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Thousands of New Jersey high school and middle school students throughout the state are stepping up to the plate this week to fight against the tobacco industry’s marketing of cigarettes and other tobacco products to teens and to help prevent young people from ever starting to smoke.
Wednesday, April 2, is national Kick Butts Day, and local chapters of REBEL (Reaching Everyone By Exposing Lies), New Jersey’s statewide, youth-led anti-tobacco movement, are organizing hundreds of community and school-based activities to raise awareness of the dangers of tobacco smoke.
New Jersey Health and Senior Services Commissioner Heather Howard said the Department is pleased with the high level of participation from New Jersey youth in the Kick Butts Day observance. “The range of programs and events demonstrate the commitment these students have to educate their peers about the harm caused by smoking,’’ the commissioner said.
Cigarette use has declined significantly among high school students from 27.6 percent in 1999 to 15.8 percent in 2006. REBEL, which began in 2000, has 9,000 members in high schools statewide. The Department’s Comprehensive Tobacco Control Program is reaching out to New Jersey youth in a variety of ways including educating them about the harmful effects of tobacco use and changing social norms around smoking. The Department is working to prevent teen smoking through Internet advertising, an anti-tobacco website (www.njrebel.com) and peer-to-peer tobacco education programs in their schools and communities.
More than 300 New Jersey schools have scheduled activities ranging from poster contests and displays to information tables and student assemblies to Kick Butts Day carnivals and fairs. Examples include at least a dozen schools scheduled to clean cigarette butts from parks, beaches, main streets and around their campuses. Several schools have developed print ads and public service announcements for in-school distribution and Kick Butts Day postings on community television channels.
Other schools have created displays that represent the death toll from tobacco use: 1200 pinwheels, stuffed toys, or cutout human figures to commemorate the 1200 people who die every day from tobacco-related illnesses in the United States; a “72 second killer” display for the fact that one person dies every 72 seconds; and the “mysterious 35” which is revealed to be the number that die every day in New Jersey.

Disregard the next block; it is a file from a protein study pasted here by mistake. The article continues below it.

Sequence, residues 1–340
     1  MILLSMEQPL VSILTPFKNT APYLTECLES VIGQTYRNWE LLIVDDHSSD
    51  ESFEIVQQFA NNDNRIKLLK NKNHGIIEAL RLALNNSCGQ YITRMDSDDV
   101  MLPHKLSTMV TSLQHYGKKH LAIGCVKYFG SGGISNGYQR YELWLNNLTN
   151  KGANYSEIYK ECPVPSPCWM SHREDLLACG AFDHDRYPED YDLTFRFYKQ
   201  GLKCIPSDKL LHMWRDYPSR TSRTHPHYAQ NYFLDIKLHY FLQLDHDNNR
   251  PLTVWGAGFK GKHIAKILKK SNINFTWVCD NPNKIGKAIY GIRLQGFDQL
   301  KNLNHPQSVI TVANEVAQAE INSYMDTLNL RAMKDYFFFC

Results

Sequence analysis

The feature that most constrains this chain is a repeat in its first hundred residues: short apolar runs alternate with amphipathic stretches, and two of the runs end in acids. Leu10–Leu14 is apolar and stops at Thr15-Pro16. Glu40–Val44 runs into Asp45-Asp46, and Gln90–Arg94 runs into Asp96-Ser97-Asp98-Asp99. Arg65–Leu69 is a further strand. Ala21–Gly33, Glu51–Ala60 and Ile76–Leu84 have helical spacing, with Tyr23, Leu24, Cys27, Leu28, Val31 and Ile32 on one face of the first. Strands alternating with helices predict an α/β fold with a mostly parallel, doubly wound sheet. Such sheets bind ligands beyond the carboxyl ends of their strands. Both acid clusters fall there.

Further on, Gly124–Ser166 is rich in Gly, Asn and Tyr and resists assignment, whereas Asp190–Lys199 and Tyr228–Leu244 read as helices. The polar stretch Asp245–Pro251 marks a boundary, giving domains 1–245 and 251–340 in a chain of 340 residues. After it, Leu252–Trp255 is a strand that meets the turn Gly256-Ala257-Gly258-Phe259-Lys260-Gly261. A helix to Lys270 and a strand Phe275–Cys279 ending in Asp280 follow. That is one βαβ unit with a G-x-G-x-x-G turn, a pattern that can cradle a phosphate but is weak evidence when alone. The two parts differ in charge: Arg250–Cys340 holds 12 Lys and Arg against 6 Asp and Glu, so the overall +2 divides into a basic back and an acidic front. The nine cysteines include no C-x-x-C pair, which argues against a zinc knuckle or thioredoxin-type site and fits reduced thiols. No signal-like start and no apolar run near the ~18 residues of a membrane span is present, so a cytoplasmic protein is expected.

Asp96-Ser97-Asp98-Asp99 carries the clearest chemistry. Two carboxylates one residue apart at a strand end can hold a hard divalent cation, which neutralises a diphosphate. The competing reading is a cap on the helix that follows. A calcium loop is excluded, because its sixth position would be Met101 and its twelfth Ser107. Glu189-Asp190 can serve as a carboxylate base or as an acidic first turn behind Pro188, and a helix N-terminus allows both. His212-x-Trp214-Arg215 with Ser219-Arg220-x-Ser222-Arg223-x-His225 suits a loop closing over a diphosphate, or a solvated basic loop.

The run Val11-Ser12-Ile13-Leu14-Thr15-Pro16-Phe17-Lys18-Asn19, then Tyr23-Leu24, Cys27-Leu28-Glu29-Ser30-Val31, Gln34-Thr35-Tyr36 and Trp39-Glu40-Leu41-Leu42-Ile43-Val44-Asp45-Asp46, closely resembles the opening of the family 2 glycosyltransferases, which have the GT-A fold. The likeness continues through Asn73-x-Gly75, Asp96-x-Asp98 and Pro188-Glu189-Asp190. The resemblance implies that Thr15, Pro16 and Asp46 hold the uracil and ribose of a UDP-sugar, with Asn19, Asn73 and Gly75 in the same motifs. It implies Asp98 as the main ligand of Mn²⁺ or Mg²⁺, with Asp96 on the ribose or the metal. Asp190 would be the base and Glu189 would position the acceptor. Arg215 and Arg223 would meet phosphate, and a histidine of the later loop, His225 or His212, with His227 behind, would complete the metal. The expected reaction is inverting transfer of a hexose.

Rahway High School REBEL will host a legislative breakfast for local politicians and school officials to promote awareness of tobacco harm and REBEL. Hackensack High School and Hackensack Hospital are co-hosting a program to increase awareness of the link between asthma and tobacco smoke.
REBEL chapters have created collaborative events such as “Choose to Be Tobacco Free” sponsored by Ocean County REBEL, seven local schools and the Ocean County Community Partnerships Organization. The program will teach refusal skills and healthy lifestyles choices to more than 1,000 students and teachers.
On April 1, Kick Butts Day will be announced and REBEL recognized during a NETS basketball game attended by more than 600 students in REBEL gear from six northern New Jersey counties. Cape May Community College and all six Cape May high schools will hold a Kick Butts Day Fair on the college campus, and REBEL students from ten Mercer County high schools will convene on The College of New Jersey campus to place 1200 pinwheels and meet with college students to talk about the dangers of smoking.
Kick Butts Day is organized by the Campaign for Tobacco-Free Kids, a national leader in the fight to reduce tobacco use and to prevent kids from smoking, help smokers quit and protect everyone from secondhand smoke.
Department of Health
P. O. Box 360, Trenton, NJ 08625-0360